Articles Tagged with california elder abuse lawyer

jeremy-wong-298986-copy-300x200If you suspect that your elderly parent or family member is being abused, whether physically, financially, or emotionally, you will likely want to report the abuse and seek justice. However, in some instances, you may be required under California law to report elder abuse you witness even when you otherwise would not have done so. In those circumstances, reporting elder abuse in California is not just the right thing to do, it is the law. If you have any doubts about whether you are required to report elder abuse you witnessed or how to pursue a claim, it is best to seek professional advice. The elder abuse attorneys at Willoughby Brod have advised numerous clients on reporting elder abuse and can help you, too.

Who can Commit Elder Abuse?

Any caretaker of an elderly individual is capable of committing elder abuse. It could be a nursing home caretaker, a financial planner, or even a family member. Oftentimes, elderly individuals who are abused at the hands of family members are never granted justice because they least expect abuse from someone close to them, and even if other family members detect the abuse, they are hesitant to report it for fear of stirring the pot.

jeremy-wong-298986-copy-300x200Title 22 specifies the standards according to which California nursing homes must adhere. Many of the standards aim to preserve the patient’s level of health and independence, even when it means more work for the nursing home staff. For example, it stipulates that patients must get enough exercise to preserve their mobility.  In practice, this means that nursing home staff should provide walking assistance to patients who can walk with assistance rather than transporting them in wheelchairs. Likewise, it prohibits feeding tubes for patients who are capable of oral feeding, even if they require assistance with feeding. In general, it requires nursing homes to provide patients with the kind of health maintenance care that it would be difficult for them to get outside the nursing home. Therefore, when a nursing home unjustly evicts a patient, and the patient loses the state of health that she had been able to maintain while living at the nursing home, it could be a case of elder abuse. This issue is at the center of a lawsuit currently being argued in California courts.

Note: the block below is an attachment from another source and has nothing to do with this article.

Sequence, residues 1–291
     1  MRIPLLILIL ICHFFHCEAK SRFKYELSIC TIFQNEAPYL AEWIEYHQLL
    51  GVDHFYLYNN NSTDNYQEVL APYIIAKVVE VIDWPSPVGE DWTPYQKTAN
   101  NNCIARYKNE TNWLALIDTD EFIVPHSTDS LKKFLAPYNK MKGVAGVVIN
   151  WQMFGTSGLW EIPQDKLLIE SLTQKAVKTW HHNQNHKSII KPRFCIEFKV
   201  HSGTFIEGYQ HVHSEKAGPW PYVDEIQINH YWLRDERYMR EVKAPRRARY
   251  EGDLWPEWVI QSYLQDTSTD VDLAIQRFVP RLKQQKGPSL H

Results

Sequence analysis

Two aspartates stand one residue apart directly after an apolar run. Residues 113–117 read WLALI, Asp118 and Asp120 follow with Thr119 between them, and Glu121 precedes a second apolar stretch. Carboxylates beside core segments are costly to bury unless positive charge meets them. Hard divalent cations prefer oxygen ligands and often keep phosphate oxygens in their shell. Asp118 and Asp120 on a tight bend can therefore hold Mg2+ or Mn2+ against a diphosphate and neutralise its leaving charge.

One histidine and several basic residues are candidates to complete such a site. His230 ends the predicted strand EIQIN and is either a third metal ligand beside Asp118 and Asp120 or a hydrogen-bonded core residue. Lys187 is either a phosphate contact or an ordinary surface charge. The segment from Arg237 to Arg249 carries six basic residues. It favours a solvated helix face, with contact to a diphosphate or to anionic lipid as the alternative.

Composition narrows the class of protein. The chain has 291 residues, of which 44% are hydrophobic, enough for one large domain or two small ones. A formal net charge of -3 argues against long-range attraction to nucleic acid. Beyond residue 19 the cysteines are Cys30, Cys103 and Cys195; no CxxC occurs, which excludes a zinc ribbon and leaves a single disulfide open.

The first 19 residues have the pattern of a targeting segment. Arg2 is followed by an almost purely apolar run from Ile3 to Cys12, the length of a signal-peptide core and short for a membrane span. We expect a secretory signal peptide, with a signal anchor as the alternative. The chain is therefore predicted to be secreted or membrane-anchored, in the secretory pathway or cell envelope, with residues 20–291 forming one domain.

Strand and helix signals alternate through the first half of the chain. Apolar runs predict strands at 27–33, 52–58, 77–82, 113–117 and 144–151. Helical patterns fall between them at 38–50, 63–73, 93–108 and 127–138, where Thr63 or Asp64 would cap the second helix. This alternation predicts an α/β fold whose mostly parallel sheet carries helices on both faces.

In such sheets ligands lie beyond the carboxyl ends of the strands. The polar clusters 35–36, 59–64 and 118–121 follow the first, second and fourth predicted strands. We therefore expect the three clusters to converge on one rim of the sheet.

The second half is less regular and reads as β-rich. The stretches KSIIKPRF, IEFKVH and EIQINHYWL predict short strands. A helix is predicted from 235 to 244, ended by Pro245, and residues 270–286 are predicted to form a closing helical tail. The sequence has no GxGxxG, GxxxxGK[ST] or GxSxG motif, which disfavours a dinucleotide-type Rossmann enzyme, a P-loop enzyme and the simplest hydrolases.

Details of the Case

A nursing home in Sacramento, California sent a patient to the hospital for a psychological evaluation after she reportedly began behaving aggressively at dinner and throwing table utensils. Physicians at the hospital examined the patient and determined that she was fit to return to the nursing home; in fact, they did not find anything wrong with her. They sent her back to the nursing home, but it refused to re-admit her. According to California law, nursing homes are required to reserve a patient’s bed for seven days when a patient is hospitalized. Likewise, the nursing home did not give her advance notice before she went to the hospital that they would not let her back in when she returned, which is also a violation of the rules.